The last week of the summer was approached on a high, Thrifty supplied us with a seventeen seater Transit and, despite an unexpected number of cry-offs, the squad arrived at Exeter for the annual trip up to the Midlands. We had reversed the fixtures in 2011 so we travelled up to Rugeley on Sunday afternoon. The Ash Tree provided some good fayre and we learnt of Callum Cload's cruise exploits, which sounded some alarm bells! Morrisons provided a decent breakfast and we travelled across Cannock Chase to another attractive modern ground. The selected keeper was making sounds that he was not keen and he had lined up Penrice to fill the void. This was not accepted and the gauntlets returned but a dislocation occurred in the warm up. Apparently this was a common occurrence and arrangements were made for an X-ray but declined and the decision was made that, despite a willingness to bat at six, Cload should return home to Plymouth. The time table was checked, his kit recovered from the Travelodge and he was on his way by mid afternoon. So for the second game running we were down to the bare eleven. A birthday party foiled our attempt to bring in another keeper so Penrice would keep for both games. He was soon in the game as the home side won the toss and batted. Sidmouth’s under 14 off spinner Dominic Bess was making his debut and he made a huge impact both on and off the field over the four days. The stand in keeper held a good catch off Alex Hunt to remove Lewis with the score on two. Two wickets fell on ten, when with the first ball of his fourth over Popham removed the second opener with another short ball caught  by Rickard and with the last ball of the over Tom Dyer caught Moores. Lally and Shau had added sixty-nine for the fourth wicket before Dyer took his second catch, this time off his fellow spinner Jack Cherrington. Staffordshire  were 84-4 at lunch with Devon having delivered an excellent thirty-three overs and Dominic Bess having his first bowl. Eleven runs after lunch the hosts lost their fifth wicket, their captain, giving Bess his first under 16 wicket, caught Hunt. Devon were on top but keeper Lally was in resolute form unbeaten on 44. He was to pass his half century in the next partnership. This pairing took Staffordshire up to one hundred and twelve before Bess did it again, bowling Jupp. After fifty-two overs it was 125-7 as Bess now returned the complement catching Shah off his captain, Mailling. The initiative was lost over the next eighteen overs as a vital sixty-one were added and Staffordshire took tea at 169-7 off sixty-six overs. Bess had completed one of the best debut spells with the excellent figures of 25-5-50-2, an exceptional start and the longest spell of his brief career. It was anticipated he would sleep well! Cload by now had added Stafford Central to his list of railway stations visited. The stand was broken in the seventieth over when Sam Wyatt-Haines and keeper Penrice ran out Cooper, who had batted nearly an hour for his 20, with Lally now two runs past his hundred. It had taken him two hundred and thirty-six minutes and he had faced one hundred and ninety-seven balls. He was next out for 122 having scored over 50% of his side’s total. Tom Dyer trapped him leg before with Staffordshire now 229-9 off seventy-nine overs. One over later Cherrington took his second wicket with Warrender’s pad stopping the ball hitting the stumps. Devon now had a tricky session of twenty-two overs before it was time for the Ash Tree. The pub was visited in excellent heart as Penrice and Mailling put on sixty-two off sixty-four balls before the captain was caught. Penrice was testing a new personal approach to batting - the long handle. This he did amazingly effectively and was fifty-one not out overnight and, with Rickard looking secure, Devon were well placed on 113-1 off twenty-two overs.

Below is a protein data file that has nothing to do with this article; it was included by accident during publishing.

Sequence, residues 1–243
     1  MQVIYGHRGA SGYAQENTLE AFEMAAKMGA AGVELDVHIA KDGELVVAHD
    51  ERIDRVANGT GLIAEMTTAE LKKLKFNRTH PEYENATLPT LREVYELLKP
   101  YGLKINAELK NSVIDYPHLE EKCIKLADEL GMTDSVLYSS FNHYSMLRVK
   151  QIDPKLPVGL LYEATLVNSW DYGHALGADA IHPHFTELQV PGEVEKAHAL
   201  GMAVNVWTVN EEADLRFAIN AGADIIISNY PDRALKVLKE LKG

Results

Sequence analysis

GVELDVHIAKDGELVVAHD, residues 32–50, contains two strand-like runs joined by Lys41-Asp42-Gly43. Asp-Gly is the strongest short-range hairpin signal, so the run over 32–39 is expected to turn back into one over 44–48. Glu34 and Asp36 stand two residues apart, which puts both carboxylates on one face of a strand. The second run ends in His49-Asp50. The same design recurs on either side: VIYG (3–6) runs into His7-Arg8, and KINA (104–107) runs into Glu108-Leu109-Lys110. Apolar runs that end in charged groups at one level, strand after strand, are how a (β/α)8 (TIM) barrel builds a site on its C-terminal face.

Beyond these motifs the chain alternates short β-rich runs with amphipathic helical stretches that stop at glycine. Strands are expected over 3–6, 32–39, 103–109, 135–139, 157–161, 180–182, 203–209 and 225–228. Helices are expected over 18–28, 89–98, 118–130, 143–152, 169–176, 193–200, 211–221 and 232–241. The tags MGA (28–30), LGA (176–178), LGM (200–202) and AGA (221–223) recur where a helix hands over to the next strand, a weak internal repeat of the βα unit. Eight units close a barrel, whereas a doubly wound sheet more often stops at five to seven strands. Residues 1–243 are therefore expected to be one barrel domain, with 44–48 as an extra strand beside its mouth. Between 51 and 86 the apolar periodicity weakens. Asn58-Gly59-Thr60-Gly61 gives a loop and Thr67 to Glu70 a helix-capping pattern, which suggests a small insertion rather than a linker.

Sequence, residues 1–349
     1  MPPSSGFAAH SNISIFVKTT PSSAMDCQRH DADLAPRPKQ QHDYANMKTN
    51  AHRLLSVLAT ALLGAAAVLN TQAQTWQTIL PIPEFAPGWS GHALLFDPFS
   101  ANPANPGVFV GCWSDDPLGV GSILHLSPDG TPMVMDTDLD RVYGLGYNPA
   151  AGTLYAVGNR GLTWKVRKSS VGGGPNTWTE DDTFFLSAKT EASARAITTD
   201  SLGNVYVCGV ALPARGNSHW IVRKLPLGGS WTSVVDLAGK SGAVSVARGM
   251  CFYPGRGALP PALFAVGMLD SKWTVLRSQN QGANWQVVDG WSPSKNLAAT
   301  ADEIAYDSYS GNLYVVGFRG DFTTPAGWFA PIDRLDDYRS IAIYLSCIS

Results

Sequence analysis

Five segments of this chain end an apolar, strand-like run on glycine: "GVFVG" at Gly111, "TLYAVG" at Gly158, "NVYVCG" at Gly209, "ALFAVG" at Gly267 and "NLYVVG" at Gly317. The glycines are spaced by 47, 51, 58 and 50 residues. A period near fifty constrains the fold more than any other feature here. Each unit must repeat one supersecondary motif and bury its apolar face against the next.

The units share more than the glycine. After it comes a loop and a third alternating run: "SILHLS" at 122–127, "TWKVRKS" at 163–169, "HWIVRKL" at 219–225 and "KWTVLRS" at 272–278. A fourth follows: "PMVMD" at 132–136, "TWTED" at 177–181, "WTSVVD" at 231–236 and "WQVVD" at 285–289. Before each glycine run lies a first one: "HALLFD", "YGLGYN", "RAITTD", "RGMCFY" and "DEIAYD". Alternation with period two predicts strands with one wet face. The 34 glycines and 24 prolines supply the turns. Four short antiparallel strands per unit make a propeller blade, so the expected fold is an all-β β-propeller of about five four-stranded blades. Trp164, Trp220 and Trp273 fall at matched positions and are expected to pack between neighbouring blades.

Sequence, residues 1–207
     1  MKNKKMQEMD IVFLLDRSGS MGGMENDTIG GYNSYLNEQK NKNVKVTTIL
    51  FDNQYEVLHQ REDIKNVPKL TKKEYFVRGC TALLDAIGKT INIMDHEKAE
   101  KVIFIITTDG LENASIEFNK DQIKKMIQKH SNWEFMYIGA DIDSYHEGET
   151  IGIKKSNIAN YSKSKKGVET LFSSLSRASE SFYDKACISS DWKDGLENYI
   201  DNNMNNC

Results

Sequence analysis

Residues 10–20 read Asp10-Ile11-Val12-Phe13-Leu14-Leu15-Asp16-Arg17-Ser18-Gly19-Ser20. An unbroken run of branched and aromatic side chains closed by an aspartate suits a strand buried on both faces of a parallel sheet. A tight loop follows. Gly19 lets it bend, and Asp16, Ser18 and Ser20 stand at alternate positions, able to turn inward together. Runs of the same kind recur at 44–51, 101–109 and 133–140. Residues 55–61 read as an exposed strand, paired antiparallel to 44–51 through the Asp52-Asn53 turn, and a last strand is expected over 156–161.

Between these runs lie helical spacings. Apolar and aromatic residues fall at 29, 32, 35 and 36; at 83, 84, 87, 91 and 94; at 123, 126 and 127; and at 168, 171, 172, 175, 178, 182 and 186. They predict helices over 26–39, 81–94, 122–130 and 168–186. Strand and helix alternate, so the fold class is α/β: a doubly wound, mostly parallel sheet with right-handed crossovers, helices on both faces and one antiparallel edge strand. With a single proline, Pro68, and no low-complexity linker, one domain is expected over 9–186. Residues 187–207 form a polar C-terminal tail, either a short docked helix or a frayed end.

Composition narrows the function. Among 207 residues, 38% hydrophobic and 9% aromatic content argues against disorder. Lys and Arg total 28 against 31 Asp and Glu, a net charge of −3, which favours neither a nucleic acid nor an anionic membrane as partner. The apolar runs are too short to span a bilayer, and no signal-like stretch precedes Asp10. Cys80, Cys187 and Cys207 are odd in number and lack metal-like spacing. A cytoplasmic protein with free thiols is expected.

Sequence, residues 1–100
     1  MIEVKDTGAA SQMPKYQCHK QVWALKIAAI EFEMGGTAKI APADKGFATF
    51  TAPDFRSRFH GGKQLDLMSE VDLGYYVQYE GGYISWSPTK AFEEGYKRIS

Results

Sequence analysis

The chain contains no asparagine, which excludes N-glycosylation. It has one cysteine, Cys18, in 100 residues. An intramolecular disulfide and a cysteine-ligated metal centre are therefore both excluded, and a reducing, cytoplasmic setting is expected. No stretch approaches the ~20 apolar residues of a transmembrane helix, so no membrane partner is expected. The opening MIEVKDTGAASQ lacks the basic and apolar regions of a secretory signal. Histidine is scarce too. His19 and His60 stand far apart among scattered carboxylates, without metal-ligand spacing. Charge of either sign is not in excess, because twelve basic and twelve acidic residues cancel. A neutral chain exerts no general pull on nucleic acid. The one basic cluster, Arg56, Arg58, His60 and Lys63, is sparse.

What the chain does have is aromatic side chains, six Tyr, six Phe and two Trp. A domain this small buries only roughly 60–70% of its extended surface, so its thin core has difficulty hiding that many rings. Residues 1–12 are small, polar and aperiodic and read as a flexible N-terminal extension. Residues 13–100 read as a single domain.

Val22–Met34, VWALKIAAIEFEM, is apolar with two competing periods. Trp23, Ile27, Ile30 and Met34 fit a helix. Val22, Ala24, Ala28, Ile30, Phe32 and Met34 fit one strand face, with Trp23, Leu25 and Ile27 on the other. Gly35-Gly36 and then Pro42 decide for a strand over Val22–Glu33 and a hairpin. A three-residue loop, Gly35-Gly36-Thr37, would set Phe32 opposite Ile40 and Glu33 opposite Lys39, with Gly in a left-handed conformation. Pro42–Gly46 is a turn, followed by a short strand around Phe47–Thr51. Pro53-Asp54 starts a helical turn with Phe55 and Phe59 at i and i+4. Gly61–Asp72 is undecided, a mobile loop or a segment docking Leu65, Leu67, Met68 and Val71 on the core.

Morrisons were now expecting us and Ollie Higgs was joined at his table by a mature admirer although little conversation took place. The day started with another good warm up, the coach has provided a consistency to these sessions and this has proved to be most beneficial. The onslaught did not continue past the fifth over of the second day when Penrice was caught for a tone setting fifty-five which had included forty-four runs in fours. Ollie Higgs was soon looking for legal representation for his disciplinary hearing as he was adjudged leg before and uncharacteristically he reacted. Considering the pressure he had been under all summer it was a surprise he had kept his feelings in for so long The Travelodge received another unplanned visit to retrieve a new bat that had been left under a bed! From 121-1 Devon were now not so well placed at 121-3 off twenty-seven. Fortunately Ryan Rickard was at last showing his worth to the side and the potential he sometimes hides. Jack Dart plundered a quick fire twenty-two and fell at 157 with his team still seventy short of the first inning’s points. These were never in doubt as one hundred and forty-three were added for the fifth wicket by Rickard and Wyatt-Haines. This took their side up to the potential fourth batting point. The previous best fifth wicket partnership took place in 1994 at Eastnor Castle when Richard Goldring and Chris Hurrell had taken Herefordshire for 140. This was on the old one day Midland tour when the side was based at the Cheltenham Race Course when fixtures were played against Gloucestershire, Warwickshire, Worcestershire, Herefordshire and Avon. Tea was taken still seventeen runs behind but their opponent’s score was passed in the fifth-eighth over. Both batsman reached a half century – Rickard off one hundred and thirteen balls and Wyatt-Haines off fifty-four. It was Sam who was out first at 300, two past his second ton of the season. He reached it in eighty-eight balls, hitting thirteen fours and two sixes, another special performance. Rickard could not continue without his partner, which was unfortunate because there had been a hundred in the offering for the Cornwood batsman, and he was out for an admirable seventy-four. All-rounders Cherrington and Dyer put on thirty-nine before Cherrington fell and perhaps that was the time to declare as both Dyer and Hunt fell on the same score of 343. Devon had looked a very well balanced two day side and there had been sufficient indicators to hope that 2012 might not be too bad a season. Forty-two overs remained in the day and it was agreed after eighty-two minutes and twenty-two overs to call it a day with the home side on 90-3. Staffordshire had lost two wickets in reaching twenty-eight with wickets to Popham and Bess. It was Bess who removed Lally at 81 caught by the captain and nine runs later it was a shake of hands all round. The Devon eleven had done really well, now for Warwickshire. The M6 Toll was a new venture for many and the Leamington Holiday Inn as welcoming as ever. It was good to be back at Leek Wooton’s Anchor, even if the coach missed the turning.